In the interim, he will seek re-election, and voters might assume that the commission’s rebuke or whatever else it does means that he really has done something wrong and defeat him. One candidate has already been emboldened to run against him in 2008.

Here is what Judge Griffen is accused of doing:

Soon after Hurricane Katrina in September 2005 he criticized the federal government’s response to the hurricane in a discussion at an NAACP banquet. The remark got in a newspaper.

A couple of days earlier, during a discussion at a Baptist convention in Columbus, Ga., (Rev. Griffen was an officer of the national Baptist association) he talked about the qualifications of John Roberts to be chief justice of the U. S. Supreme Court, apparently not favorably. A story in the little Georgia paper characterized it as criticizing Roberts’ nomination. Someone sent the article to the Arkansas commission.

Last year, Rev. Griffen was one of a number of ministers who wrote letters formally endorsing an increase in the minimum wage. They were released at a press conference. Griffen’s was on his ministerial stationery, not the court’s. He also was on record making a comment defending the rights of homosexuals. They were God’s children, too. [full text]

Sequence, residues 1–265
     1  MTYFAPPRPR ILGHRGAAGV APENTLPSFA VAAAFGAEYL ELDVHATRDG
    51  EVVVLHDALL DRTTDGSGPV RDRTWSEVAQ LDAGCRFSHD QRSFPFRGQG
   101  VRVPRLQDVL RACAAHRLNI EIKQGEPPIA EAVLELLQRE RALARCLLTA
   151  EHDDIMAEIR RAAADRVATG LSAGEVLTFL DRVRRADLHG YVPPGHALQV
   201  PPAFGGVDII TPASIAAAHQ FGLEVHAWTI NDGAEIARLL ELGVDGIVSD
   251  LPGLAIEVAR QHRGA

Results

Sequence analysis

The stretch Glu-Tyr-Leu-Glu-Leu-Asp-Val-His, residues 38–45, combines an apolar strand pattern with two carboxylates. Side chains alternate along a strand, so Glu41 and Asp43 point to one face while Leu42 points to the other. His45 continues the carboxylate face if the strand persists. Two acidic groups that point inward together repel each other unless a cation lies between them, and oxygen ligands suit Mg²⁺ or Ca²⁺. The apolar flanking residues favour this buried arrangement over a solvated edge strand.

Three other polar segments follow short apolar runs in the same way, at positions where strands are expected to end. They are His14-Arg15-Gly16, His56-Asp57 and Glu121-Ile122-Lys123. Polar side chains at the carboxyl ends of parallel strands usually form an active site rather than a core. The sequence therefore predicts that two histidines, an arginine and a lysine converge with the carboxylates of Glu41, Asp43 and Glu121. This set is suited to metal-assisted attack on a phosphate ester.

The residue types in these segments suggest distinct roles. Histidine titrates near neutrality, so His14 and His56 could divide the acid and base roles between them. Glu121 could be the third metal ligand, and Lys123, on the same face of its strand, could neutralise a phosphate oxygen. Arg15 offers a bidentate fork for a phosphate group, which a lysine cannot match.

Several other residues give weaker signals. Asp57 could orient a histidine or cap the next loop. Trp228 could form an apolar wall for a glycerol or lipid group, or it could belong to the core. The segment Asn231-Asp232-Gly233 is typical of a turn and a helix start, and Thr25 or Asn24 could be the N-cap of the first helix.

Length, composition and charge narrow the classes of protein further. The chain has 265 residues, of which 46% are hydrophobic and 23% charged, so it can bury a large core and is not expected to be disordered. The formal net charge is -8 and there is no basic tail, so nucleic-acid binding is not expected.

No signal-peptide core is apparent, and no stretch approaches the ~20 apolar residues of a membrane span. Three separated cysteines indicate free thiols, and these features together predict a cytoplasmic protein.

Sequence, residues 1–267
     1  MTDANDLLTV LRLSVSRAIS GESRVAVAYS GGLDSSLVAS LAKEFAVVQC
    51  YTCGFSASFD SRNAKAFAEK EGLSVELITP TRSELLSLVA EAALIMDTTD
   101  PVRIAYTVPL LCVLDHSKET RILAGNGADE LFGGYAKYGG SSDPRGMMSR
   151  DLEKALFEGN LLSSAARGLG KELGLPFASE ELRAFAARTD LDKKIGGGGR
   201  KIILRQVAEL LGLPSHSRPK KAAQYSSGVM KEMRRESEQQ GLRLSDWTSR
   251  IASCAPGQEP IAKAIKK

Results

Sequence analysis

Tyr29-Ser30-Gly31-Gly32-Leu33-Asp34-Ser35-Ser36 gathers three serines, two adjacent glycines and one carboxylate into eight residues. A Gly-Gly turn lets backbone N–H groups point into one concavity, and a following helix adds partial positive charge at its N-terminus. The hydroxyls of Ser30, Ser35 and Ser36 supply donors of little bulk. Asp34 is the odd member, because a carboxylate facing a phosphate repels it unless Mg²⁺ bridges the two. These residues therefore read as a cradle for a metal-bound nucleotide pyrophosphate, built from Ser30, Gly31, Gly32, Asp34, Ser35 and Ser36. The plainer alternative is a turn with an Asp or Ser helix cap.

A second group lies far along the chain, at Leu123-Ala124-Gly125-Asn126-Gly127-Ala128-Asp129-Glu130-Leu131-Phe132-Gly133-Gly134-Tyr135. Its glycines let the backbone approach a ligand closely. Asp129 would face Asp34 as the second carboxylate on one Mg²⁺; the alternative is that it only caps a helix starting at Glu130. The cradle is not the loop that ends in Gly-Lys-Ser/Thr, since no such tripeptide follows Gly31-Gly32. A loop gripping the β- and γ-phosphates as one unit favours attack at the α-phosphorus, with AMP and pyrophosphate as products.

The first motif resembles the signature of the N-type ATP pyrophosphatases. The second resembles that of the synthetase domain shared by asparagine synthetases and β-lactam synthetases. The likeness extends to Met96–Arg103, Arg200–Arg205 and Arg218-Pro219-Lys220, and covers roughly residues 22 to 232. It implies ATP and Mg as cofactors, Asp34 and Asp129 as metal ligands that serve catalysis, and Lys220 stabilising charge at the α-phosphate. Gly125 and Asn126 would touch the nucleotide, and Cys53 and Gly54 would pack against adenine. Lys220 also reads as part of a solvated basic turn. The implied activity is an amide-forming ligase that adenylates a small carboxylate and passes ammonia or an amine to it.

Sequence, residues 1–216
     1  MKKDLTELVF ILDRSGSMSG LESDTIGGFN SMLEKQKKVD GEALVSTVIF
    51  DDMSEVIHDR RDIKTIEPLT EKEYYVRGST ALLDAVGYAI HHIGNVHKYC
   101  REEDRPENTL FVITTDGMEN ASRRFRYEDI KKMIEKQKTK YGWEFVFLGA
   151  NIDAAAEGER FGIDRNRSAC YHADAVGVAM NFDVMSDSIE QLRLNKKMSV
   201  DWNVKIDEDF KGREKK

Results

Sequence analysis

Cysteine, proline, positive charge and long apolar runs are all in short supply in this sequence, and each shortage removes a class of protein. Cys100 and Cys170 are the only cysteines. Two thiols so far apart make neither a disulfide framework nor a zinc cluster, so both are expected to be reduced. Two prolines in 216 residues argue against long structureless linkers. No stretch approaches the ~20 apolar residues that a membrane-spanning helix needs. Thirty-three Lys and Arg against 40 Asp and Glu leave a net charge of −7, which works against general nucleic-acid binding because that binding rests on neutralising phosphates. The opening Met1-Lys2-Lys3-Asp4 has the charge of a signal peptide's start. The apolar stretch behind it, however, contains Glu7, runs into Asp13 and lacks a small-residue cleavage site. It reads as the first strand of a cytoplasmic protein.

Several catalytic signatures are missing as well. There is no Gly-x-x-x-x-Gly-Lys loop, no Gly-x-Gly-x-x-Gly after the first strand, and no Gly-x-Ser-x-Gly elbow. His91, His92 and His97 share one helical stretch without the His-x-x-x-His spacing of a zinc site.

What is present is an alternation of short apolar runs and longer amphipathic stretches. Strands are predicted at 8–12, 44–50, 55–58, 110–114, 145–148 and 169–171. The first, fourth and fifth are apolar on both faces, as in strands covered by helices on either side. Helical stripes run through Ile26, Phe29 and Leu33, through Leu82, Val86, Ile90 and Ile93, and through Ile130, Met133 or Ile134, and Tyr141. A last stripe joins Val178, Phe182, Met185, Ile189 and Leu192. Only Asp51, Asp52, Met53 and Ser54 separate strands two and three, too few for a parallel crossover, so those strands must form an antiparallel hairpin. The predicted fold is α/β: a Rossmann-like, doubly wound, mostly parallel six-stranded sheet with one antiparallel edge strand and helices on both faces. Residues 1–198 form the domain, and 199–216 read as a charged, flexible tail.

Bush Administration Defends Minority Rights?

Say what you will about Bush, Cheney, & their Neocon Traveling Circus, but these hard-hearted hard-liners remain unwavering in their advocacy of minority rights. It’s true. Of course, the President and his followers only became interested in minority rights when, much to their surprise and chagrin, they found themselves in the minority. Accordingly, they have circled the wagons to defend themselves against the pesky majority of those who would deny them their God-given right to wage unlimited war in Iraq and do whatever they damn well please. What do the ignorant masses know anyway?